“A roof collapse long ago in Hang Son Doong let in light; plants thickly followed … There’s a jungle inside Vietnam’s mammoth cavern. A skyscraper could fit too. And the end is out of sight.” – National Geographic
I saw this over the Holidays, but didn’t bother clicking on it until today.
Apparently this area of Asia is known for its enormous caves. Seems in the last couple years several have been ‘(re)discovered’, and others in Vietnam. I know during the Vietnam war whole battalions of enemy would simply ‘disappear’ from our advancing troops or air support, only to mysteriously appear later to fight again. The Viet Cong were known for their tunnel-making expertise. But seeing this sort of discovery makes it understandable just how hard it was to track and ambush them, and how easy it was for them to do as much to our guys.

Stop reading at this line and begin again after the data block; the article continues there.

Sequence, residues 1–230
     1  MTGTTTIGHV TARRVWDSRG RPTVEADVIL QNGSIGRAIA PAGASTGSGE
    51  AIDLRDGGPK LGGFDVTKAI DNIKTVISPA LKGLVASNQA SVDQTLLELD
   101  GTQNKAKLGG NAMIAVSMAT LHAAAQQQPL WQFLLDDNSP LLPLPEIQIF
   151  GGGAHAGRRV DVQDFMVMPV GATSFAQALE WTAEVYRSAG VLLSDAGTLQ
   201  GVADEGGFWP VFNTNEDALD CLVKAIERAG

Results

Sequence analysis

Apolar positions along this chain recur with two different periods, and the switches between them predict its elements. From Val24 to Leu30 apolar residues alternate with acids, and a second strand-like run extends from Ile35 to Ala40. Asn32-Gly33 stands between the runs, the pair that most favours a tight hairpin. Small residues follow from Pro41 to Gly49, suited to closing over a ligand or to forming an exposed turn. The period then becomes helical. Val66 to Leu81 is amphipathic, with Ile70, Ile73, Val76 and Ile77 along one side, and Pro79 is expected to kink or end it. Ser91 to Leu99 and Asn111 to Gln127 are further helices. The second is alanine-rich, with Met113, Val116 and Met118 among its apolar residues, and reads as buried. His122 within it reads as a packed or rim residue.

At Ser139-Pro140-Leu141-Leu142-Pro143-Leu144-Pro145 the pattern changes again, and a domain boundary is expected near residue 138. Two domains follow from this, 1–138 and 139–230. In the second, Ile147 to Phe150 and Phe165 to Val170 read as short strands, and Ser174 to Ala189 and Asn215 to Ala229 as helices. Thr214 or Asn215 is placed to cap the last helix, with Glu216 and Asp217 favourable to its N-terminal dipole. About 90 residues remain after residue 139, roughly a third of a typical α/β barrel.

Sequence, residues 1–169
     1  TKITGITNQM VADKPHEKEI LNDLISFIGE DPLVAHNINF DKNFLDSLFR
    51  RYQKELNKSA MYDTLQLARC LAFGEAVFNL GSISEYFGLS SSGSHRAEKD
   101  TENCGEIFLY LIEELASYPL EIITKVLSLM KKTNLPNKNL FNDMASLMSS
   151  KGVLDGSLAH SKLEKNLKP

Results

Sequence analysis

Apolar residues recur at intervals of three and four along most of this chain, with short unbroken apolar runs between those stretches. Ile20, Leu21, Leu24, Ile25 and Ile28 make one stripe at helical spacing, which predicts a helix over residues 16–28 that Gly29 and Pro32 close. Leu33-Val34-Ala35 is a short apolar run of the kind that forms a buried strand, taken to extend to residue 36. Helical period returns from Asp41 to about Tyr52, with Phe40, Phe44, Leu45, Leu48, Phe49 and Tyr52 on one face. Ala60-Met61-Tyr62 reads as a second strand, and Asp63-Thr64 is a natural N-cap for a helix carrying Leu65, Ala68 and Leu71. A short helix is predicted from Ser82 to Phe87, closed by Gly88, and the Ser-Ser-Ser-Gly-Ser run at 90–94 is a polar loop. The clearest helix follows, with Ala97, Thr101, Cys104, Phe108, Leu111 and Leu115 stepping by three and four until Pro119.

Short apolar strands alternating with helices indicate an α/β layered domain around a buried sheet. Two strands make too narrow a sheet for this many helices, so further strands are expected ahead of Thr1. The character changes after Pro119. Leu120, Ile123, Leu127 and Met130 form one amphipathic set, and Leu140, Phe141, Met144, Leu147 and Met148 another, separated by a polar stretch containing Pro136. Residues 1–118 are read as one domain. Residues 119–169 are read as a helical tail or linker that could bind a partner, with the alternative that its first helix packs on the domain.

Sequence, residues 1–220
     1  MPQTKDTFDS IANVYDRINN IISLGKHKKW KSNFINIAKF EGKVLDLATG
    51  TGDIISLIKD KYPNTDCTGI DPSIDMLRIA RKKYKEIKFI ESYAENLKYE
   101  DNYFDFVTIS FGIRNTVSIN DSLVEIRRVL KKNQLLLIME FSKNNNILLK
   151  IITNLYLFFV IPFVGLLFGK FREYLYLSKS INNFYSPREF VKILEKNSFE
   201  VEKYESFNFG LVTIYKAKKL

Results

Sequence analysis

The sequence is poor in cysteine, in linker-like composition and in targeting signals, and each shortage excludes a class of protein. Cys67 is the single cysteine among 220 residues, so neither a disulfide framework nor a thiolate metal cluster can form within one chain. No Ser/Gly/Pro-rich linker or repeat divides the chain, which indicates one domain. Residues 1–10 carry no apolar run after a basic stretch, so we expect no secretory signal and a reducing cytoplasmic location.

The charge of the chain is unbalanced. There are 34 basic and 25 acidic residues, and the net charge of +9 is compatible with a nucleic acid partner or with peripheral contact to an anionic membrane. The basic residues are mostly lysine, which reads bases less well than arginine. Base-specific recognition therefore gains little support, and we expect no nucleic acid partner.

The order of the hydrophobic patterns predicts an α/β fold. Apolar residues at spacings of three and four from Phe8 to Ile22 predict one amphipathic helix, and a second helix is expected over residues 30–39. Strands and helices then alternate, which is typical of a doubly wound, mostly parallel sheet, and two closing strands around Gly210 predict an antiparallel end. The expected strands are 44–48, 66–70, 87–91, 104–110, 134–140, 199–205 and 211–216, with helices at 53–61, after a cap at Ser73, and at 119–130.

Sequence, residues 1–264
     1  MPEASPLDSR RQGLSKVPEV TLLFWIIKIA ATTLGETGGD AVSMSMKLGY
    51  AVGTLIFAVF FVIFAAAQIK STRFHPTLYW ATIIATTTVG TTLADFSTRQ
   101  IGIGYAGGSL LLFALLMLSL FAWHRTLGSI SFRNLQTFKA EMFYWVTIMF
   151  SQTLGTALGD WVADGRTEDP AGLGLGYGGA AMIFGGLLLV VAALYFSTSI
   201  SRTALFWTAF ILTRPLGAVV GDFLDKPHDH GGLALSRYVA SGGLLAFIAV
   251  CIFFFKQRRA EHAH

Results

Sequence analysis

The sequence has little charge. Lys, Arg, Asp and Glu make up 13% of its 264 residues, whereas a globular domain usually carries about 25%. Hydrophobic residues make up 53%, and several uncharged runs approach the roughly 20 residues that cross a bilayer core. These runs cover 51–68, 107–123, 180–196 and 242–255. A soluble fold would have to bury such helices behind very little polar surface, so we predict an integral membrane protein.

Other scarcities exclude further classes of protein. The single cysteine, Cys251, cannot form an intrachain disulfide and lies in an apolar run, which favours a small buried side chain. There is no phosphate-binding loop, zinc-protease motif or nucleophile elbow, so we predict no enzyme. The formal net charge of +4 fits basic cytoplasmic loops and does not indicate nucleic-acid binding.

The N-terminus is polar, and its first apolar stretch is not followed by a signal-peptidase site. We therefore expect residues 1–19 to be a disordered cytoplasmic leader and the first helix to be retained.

For all the natural “shock and awe” wonder something like this produces, I find myself wondering about any human artifacts that might be discovered upon very close examination. There would obviously be those related to the Vietnam war era, but even more historically the centuries and millenniums prior to that 20th century event. Or has the massive subterranean passage of Hang Son Doong in Vietnam been virtually hidden from ‘man’?
Surrounded by jungle and used in the Vietnam war as a hideout from American bombardments, it is so large that it could hold a block of 40-storey skyscrapers. Its entrance was only rediscovered last year.
The photograph was taken by a British expedition returning to the rugged Phong Nha-Ke Bang National Park near the border with Laos.
The cave, lit from above through a skylight, is one of a network of some 150 connected caverns, many still not surveyed, in the Annamite mountains. […]
The January National Geographic issue that has this cave as its cover story is out on stands now. You can see more amazing photos here. Gives “Journey To The Center of The Earth” a whole new meaning! Wow!!